Some Things About New Cars

  • May 22, 2024

To say cars aren’t like they used to make them is like saying flying commercial isn’t like it used to be.

For one thing, many new cars that aren’t electric cars (or even partially electric cars) have two batteries now. One to start the engine and other to re-start the engine. Over and over and over again. This is the second battery that is part of the automatic stop-start system pretty much all new cars with engines now come standard with in order to eke out fractional per-car increases in gas mileage and reductions in CO2 “emissions” that – when factored out over a manufacturer’s fleet of vehicles – helps the manufacturer comply with the latest slew of gas mileage and “emissions” regulations.

This second battery is necessary to keep the primary battery from being discharged to such an extent that it hasn’t got the power to start the engine when you try to start it. But it also draws power and so depletes charge – kind of like leaving the dome light on by accident. That’s why the ’24 Dodge Hornet I tried to test drive recently didn’t start – and eventually had to be towed to a Dodge dealer.

If you have a car with two batteries, it will likely also need to be towed to the dealer when the second battery needs to be replaced – because you probably won’t be able to replace it yourself as it’s buried deep within the guts of the car and requires that the car be plugged in – to a computer, at the dealership – to successfully replace it with a new second battery.


Almost all new cars already have what are styled “driver performance monitors.” The ones Biden decreed shall be required in new cars by the 2026 model year. The manufacturers of new cars anticipated the requirement and so are ready for it, already. You can’t see the performance monitor with your eyes but its eyes (infrared ones) are on you. If the system thinks you are “drowsy” or “not paying attention” it will cue harassing visual and audible corrections.

That’s all – for now. But more – to come.

When the decree goes into effect come 2026, the system will do more than just harass you. It will prevent you – from continuing to drive. Because you will be considered “drunk” or at least “impaired” rather than merely “drowsy” or “not paying attention” and the car will then assume the role of police – and pull you over. It is very likely, incidentally, that cars already fitted with “drowsy” driver and “eyes on the road” monitors as in the video above are also capable of pulling you over, too.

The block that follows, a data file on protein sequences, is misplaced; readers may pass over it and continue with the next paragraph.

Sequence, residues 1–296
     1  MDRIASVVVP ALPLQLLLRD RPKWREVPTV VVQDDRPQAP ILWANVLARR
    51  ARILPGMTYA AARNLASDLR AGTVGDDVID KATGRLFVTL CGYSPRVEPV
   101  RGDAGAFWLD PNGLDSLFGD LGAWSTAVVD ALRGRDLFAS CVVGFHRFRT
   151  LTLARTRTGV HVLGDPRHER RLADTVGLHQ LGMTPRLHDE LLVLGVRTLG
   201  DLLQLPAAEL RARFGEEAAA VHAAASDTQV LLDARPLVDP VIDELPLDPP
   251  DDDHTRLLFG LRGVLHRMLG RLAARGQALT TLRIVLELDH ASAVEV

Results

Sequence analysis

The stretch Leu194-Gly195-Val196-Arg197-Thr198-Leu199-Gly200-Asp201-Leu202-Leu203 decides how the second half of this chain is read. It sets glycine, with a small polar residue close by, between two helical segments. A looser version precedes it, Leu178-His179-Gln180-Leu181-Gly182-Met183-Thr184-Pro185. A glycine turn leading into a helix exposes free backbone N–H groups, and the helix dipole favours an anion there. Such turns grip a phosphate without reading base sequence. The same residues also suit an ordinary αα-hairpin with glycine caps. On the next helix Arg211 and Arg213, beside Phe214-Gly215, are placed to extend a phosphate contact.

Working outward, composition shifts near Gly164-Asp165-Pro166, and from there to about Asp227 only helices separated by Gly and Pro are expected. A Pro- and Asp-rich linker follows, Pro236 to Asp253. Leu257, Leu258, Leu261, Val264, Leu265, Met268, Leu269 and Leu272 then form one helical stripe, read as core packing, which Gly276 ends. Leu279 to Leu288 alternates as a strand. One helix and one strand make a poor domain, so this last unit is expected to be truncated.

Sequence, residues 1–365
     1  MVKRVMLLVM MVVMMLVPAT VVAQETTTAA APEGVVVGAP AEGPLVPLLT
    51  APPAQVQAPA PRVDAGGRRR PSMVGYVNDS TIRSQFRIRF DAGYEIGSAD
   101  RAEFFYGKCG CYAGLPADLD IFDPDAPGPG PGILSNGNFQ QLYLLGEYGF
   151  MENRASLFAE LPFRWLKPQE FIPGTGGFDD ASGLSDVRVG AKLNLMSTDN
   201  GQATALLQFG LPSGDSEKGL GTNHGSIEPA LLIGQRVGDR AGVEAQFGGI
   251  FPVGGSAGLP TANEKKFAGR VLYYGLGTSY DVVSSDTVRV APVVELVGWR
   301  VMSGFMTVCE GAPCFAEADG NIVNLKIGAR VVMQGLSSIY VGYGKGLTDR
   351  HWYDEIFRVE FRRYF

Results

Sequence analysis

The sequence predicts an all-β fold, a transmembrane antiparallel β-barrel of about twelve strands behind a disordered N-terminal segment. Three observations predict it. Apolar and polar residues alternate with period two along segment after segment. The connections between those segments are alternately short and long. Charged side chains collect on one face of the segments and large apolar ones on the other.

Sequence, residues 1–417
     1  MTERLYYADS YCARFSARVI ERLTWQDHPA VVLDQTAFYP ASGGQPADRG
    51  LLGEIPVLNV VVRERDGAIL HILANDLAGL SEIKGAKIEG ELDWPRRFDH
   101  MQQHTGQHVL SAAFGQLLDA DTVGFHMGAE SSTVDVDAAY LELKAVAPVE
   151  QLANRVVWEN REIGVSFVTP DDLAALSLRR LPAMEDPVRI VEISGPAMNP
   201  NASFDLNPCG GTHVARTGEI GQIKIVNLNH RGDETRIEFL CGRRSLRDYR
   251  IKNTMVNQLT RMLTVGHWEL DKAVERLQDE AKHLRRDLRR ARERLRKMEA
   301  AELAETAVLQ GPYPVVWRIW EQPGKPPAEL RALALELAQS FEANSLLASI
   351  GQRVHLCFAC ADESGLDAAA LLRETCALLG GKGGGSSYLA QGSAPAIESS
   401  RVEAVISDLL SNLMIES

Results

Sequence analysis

Their systems just haven’t been fully activated – yet.


Did you know you can’t swap out seats – if you don’t like the seats your car came with? Not if it’s a car made within the past 15 years or so and has airbags embedded in the seats. The seats are no longer just seats. They are part of an integrated system and removal of any part will cause the system to have a fit. It’s the same, by the way, for door panels – which also now have air bags embedded within as well as mini-computers called body control modules. This is one reason why repair costs have skyrocketed – and insurance costs along with them.

No more just unbolting the four bolts that hold the seat’s tracks to the floor – and installing a new pair of seats from some other car. It used to be that if they fit, it’d work. Like so many other things, you can’t do that anymore, either.

One more:

A real spare tire – one that’s the same size and type as the other four – is both rare and often extra-cost. What you typically get now is not even one of those “space saver” mini-spares that are for temporary use only. But at least they let you gimp on down the road instead of waiting by the side of the road for roadside service.

The “space saver” spare is going the way of the full-sized spare – in part because it takes up too much space in the trunk/cargo area of new vehicles, many of which (such as the few cars that are still available in a market that has gone over almost entirely to crossovers) don’t have a lot of space to spare.

Instead, they give you a tire repair kit which consists of a bottle of goo (to seal the hole) and small air compressor to refill the damaged tire once the hole has been sealed by the goo. This is great if all you’ve got is a hole. But if you have a tear – if the sidewall is damaged – no amount of goo will plug the hole and you’ll be waiting for roadside service by the side of the road.

It makes you want to go new car shopping, doesn’t it?

. . .

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